Delta Agricultural Project and milk receipts began to increase in 1985 because of new farms at Pt. MacKenzie, farm gate values
peaked at over $30 million (Figure 1).
The mix of the seven product categories in Alaska’s agricultural industry
has varied over the years (Figure 2). Milk receipts dominated the industry exceeding 50% of the total farm gate value in
Figure 1. Total farm gate receipts from 1970 through 1993.
the early years following statehood. In the late 1980s and early 1990s, milk
production dropped. By 1992, milk, hay, and potatoes held approximately 75% in equal parts of the farm gate agricultural product
value (Figure 2).
Figure 2. Agricultural industry product mix from statehood to 1990.
In 1993, the Alaska Agricultural Statistics Service changed its format for
reporting data. Total farm gate receipts are shown in Table 1. The greenhouse and nursery category no longer included landscaping.
No information is available for receipts in the landscape segment after 1992. Table 1 also shows that the greenhouse and nursery
segment of the industry comprises approximately 50% of farm gate receipts. The Alaska Agricultural Statistics Service began
Table 1. Total Agricultural Farm Gate Receipts
($ X 1000)
Greenhouse and Nursery
* All livestock and crops excluding aquaculture
** All other livestock (poultry and eggs starting in 1995, sheep and lambs
in 1998, equine, goats,
honey, muskoxen, and reindeer). and crops (all horticultural field crops excluding
potatoes, head lettuce,
cabbage, and carrots.
Figure 3. The dominance of the greenhouse segment of the agricultural industry
the greenhouse and landscape industry in 1977. Rising economic indicators
affecting the sales of flowers and bedding plants and perhaps increased activity in other agricultural sectors contributed
to the rapid increases in farm gate receipts for the greenhouse segment of the agricultural industry. Figure 3 shows the dominance
of the greenhouse and nursery sector as well as the mix of the other six categories in Alaska’s agricultural industry.
There were 2 million acres in farms and ranches in 1960.This dropped to half
by the 1990s. The total crop acres harvested peaked in 1985 (Figure 4.). Increases coincided with activity in the Delta and
Pt. MacKenzie agricultural projects. The total number of farms and ranches rose from 420 in 1960 to a peak of 670 in 1986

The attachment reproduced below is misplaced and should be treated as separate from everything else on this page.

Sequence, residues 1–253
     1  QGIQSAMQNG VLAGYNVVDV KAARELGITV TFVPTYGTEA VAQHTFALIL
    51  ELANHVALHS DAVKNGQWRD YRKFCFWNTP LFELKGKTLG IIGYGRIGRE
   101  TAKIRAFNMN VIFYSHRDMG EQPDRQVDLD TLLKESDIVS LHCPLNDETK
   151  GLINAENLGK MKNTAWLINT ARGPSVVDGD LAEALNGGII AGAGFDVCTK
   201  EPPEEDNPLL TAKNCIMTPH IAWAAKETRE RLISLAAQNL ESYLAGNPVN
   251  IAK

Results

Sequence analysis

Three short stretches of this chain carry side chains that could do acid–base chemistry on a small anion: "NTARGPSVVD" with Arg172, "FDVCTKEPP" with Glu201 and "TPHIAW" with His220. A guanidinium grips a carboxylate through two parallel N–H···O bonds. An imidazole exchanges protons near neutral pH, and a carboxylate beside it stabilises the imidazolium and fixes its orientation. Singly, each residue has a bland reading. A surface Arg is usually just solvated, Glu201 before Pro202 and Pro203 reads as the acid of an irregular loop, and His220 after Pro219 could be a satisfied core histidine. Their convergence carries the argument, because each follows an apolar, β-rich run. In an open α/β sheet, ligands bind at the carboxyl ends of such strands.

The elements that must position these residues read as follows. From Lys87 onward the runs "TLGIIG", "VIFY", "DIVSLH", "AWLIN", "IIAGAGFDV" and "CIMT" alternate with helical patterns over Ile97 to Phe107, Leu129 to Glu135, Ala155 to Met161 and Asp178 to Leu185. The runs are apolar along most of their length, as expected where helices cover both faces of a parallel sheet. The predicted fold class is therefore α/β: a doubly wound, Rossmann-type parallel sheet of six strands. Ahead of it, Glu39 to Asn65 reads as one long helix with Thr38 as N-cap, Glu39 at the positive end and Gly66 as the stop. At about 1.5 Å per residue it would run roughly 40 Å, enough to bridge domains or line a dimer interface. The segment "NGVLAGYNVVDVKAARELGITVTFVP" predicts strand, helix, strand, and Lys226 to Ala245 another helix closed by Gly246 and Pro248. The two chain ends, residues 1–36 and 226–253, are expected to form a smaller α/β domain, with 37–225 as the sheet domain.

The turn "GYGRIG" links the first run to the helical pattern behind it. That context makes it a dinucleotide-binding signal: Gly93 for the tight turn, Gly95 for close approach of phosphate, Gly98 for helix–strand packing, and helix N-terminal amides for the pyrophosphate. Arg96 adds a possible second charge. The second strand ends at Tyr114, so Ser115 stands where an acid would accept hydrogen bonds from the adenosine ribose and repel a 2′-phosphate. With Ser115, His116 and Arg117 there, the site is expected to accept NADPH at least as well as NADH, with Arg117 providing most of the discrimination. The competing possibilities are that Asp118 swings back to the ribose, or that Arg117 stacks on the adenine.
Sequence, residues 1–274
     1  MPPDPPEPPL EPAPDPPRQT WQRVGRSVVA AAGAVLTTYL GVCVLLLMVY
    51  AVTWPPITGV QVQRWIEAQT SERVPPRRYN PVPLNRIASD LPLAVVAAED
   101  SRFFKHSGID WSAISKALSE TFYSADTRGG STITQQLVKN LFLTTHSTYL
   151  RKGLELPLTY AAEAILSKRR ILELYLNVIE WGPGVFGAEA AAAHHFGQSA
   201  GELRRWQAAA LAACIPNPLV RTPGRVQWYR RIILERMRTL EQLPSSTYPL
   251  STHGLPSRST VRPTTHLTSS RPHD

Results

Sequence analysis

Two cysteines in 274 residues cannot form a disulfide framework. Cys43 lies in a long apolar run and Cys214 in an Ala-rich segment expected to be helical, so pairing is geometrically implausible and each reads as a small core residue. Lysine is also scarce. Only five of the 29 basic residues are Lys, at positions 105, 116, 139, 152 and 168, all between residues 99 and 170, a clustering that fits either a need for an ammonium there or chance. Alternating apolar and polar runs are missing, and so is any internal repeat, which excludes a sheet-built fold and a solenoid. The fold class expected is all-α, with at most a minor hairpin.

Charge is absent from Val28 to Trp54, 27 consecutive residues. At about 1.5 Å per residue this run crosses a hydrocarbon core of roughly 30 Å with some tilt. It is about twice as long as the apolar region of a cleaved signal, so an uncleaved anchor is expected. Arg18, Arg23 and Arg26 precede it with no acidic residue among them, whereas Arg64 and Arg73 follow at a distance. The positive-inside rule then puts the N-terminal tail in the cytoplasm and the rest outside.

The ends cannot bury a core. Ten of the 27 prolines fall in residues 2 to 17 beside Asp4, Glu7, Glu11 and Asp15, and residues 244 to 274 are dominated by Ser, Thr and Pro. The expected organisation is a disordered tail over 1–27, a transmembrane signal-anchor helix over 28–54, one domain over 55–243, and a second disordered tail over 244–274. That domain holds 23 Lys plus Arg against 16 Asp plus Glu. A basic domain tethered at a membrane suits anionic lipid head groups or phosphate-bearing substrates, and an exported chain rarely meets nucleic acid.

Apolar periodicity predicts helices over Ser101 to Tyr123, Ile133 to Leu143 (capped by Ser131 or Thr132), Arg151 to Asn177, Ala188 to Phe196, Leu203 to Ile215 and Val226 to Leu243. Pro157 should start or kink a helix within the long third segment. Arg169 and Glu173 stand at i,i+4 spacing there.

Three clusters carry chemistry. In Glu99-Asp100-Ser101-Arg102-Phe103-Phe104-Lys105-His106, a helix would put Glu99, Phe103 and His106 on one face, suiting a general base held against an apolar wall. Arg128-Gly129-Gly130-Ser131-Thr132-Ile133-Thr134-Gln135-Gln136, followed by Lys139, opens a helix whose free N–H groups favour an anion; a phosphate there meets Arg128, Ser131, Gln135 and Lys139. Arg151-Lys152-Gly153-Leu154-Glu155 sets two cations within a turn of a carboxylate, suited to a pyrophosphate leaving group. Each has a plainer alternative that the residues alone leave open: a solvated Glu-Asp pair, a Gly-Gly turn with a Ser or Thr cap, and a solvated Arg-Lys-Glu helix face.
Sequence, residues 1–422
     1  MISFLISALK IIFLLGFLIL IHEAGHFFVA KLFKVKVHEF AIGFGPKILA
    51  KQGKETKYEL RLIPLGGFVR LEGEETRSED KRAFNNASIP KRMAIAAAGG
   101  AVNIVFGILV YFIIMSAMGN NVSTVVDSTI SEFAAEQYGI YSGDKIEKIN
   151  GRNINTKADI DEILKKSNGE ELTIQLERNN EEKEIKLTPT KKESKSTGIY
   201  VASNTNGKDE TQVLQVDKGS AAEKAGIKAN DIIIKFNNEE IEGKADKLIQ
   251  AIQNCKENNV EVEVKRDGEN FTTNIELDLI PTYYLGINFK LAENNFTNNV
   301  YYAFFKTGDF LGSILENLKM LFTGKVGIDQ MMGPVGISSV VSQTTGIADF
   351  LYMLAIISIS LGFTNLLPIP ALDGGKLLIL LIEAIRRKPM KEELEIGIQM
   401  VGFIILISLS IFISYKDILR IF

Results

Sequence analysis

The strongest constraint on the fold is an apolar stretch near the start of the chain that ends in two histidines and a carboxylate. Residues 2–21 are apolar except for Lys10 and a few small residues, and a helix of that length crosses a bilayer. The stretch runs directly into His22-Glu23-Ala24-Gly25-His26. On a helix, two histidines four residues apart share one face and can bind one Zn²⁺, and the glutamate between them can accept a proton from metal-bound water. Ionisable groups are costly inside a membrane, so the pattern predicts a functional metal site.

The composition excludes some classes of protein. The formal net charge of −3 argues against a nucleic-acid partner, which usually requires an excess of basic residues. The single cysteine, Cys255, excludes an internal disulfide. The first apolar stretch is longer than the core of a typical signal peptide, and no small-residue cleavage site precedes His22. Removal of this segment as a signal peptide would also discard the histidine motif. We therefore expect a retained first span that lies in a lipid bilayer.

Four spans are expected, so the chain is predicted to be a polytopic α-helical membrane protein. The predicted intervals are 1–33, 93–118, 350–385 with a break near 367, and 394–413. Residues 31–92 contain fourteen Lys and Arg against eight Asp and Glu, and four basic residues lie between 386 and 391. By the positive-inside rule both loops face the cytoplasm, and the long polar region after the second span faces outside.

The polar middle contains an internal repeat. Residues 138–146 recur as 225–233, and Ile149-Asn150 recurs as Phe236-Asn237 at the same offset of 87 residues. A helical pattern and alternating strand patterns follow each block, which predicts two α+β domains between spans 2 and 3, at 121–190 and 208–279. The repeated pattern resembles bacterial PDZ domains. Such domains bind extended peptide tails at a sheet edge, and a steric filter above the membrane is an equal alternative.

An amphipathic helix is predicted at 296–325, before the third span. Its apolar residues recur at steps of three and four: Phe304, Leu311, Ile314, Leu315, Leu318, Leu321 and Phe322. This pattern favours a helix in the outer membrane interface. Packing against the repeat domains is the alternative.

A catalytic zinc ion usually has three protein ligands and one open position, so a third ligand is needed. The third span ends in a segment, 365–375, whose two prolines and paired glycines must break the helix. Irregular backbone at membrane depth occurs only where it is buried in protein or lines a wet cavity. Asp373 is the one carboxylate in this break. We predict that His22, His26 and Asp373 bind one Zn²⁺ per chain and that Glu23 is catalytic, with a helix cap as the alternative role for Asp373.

settling in the 500s in the 1990s (Figure 4). Hogs, beef cattle and dairy cattle numbers have fluctuated. Fluctuations depend
largely on market prices for the final product and availability of feder cattle; dairy calves, imports from Canada, and local
cow-calf operations. However, two peaks in dairy and hog production are notable and depict the fragility of the profile of
the agricultural industry in Alaska. As farms expanded at Pt. MacKenzie, dairy cattle numbers rose. A series of bankruptcies
at MacKenzie and sales of farms in the Matanuska Valley because of urban expansion caused the numbers to drop. Some of the
decrease was mitigated by the opening of new dairies in the Delta area of the Tanana Valley. A large hog farm opened in the
Delta Agricultural Project in the mid 1980s and hog numbers increased. Deaths in the family and increasing problems competing
in a price-falling market caused the farm to close and hence, hog numbers to drop. Farming operations in Alaska are few and
in a number of cases, a single farm business can affect the statistics.
Figure 4. Number of farms, land in farms, and animals on farms from 1980 through
The agricultural industry provides both year-round and seasonal jobs. In 1995,
the last year statistics were reported, 1,000 people were employed excluding those by greenhouses and nurseries; 600 were
family members defined as unpaid farm labor. Except in the dairy sector, most labor is seasonal. Labor statistics for the
greenhouse and nursery sector indicate there were 1,575 workers in 1986, and 1,825 in 1990, the only years labor statistics
were reported. Unofficial estimates in 2001 indicate that the number is well over 2,000 excluding those working in retail
The three major regions for production of agricultural products in Alaska
are the Matanuska-Susitna Valley, the Tanana Valley, and the Kenai Peninsula. Agricultural products from these